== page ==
We would like to invite all members of the Group, past and present, to join us in celebrating this occasion and hopefully catch up with old Scouting friends. Beavers, Cubs, Scouts, leaders, helpers and parents are all welcome.

You can get in touch by joining our facebook group “70 years of 6th Bury Scouts”, via email to 70yearsof6thburyscouts@gmail.com, or by post to our headquarters. We are looking forward to seeing as many of you as possible at this milestone in our history.

-- David McNeill, Group Scout Leader , 6th Bury St Edmunds (St Mary’s) Scout Group

STREET COLLECTION GENEROSITY

A huge thank you to all the members of the Bury St Edmunds public who contributed to the charity collection held on market day, Wednesday, July 20, on behalf of The Fishermen’s Mission. The total amount raised was £302. Thank you and well done to the very generous people of Bury St Edmunds.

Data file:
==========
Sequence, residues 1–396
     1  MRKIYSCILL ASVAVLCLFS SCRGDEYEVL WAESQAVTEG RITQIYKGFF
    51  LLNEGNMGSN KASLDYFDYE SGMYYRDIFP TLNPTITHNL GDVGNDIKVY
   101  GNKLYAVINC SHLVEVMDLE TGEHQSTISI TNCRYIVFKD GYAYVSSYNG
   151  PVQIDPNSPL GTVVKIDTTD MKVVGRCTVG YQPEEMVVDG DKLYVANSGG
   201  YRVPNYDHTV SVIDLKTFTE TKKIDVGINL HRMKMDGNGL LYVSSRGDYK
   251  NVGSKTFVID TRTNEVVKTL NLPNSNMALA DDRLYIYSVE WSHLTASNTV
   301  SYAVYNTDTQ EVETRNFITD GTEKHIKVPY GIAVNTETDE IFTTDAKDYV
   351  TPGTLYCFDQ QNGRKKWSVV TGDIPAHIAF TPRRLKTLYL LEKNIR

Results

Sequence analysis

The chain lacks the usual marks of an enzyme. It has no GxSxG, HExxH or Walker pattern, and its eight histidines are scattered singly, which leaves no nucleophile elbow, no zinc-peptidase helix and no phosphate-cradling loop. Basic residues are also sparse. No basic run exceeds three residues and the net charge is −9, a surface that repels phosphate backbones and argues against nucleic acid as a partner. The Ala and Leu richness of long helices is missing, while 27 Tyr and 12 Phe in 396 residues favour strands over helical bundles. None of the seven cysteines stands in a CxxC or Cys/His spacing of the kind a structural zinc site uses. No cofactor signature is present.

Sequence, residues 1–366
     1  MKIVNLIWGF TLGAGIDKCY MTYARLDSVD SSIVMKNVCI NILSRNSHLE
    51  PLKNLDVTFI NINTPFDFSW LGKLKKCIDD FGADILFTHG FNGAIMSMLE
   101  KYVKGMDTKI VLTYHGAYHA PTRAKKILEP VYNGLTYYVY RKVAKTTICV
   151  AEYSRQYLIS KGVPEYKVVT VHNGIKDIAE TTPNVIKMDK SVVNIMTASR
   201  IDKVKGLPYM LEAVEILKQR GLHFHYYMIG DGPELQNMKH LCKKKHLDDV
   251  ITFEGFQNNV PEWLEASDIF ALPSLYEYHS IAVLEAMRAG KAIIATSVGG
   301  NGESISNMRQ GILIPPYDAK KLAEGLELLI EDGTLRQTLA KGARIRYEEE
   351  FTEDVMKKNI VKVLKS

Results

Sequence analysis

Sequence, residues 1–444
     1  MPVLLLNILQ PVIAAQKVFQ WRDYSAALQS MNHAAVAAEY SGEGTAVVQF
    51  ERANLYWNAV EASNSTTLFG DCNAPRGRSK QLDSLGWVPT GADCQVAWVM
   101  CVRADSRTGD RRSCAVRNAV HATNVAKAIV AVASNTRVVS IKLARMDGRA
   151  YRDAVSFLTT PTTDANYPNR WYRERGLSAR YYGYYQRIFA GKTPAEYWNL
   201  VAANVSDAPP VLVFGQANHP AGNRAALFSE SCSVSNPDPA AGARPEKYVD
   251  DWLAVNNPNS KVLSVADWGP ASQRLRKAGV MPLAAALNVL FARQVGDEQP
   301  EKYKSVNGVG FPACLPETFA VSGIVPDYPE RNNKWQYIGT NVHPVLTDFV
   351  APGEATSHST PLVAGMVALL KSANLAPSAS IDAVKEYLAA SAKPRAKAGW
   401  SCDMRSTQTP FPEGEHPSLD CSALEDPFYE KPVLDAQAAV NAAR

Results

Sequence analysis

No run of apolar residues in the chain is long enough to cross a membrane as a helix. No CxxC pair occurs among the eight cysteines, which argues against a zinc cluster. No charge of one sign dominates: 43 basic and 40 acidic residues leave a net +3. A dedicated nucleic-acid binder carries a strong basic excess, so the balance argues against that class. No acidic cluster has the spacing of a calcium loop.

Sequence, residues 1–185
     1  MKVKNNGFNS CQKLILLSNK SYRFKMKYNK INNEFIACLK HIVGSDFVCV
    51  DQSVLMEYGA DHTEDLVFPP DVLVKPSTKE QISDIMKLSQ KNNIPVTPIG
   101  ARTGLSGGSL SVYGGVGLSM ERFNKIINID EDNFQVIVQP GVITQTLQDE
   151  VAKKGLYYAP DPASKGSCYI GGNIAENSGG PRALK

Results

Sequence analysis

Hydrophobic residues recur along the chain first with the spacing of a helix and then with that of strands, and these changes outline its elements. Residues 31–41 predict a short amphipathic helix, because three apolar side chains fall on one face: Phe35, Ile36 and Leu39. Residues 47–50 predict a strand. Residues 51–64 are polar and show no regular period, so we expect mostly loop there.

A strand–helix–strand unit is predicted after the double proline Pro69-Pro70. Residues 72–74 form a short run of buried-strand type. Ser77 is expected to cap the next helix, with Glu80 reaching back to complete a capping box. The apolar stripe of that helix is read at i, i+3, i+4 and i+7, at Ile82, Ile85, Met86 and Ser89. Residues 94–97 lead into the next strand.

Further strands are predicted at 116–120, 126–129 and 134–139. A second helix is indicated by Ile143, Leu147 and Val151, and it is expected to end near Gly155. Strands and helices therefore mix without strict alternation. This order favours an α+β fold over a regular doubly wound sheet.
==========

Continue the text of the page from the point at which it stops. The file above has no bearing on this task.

As a charity we receive no Government or National Lottery money to help us in our vital work with the families of UK fishermen who have lost their lives to the sea. Public collections such as this one are crucial to us at The Fishermen’s Mission. Many people are unaware of the cost paid by the men who catch our fish, and collections such as this one allow us to continue our support of those who risk their lives to feed our nation. Thank you very much.

-- Andy Malcolm, Fundraising Manager East of England, The Fishermen’s Mission

HOSPITAL GARDENS NEED SOME TLC

Having visited West Suffolk Hospital on a daily basis for some time in this hot weather, the small gardens – all very different but beautifully arranged – have been a haven for patients and visitors alike. Well, they would be, if they were not so neglected, which is a shame.

Surely some environmental organisation, garden club or garden centre would be well rewarded if they could take an interest in these beautiful havens of peace and recovery. I would do it myself but my gardening days are over.

Is anyone prepared to have a go? I am sure it would do so much for every visitor and patient. Even a coat of varnish to some of the memorial seats would be greatly appreciated – and badly needed.

-- Frank Holmes, via email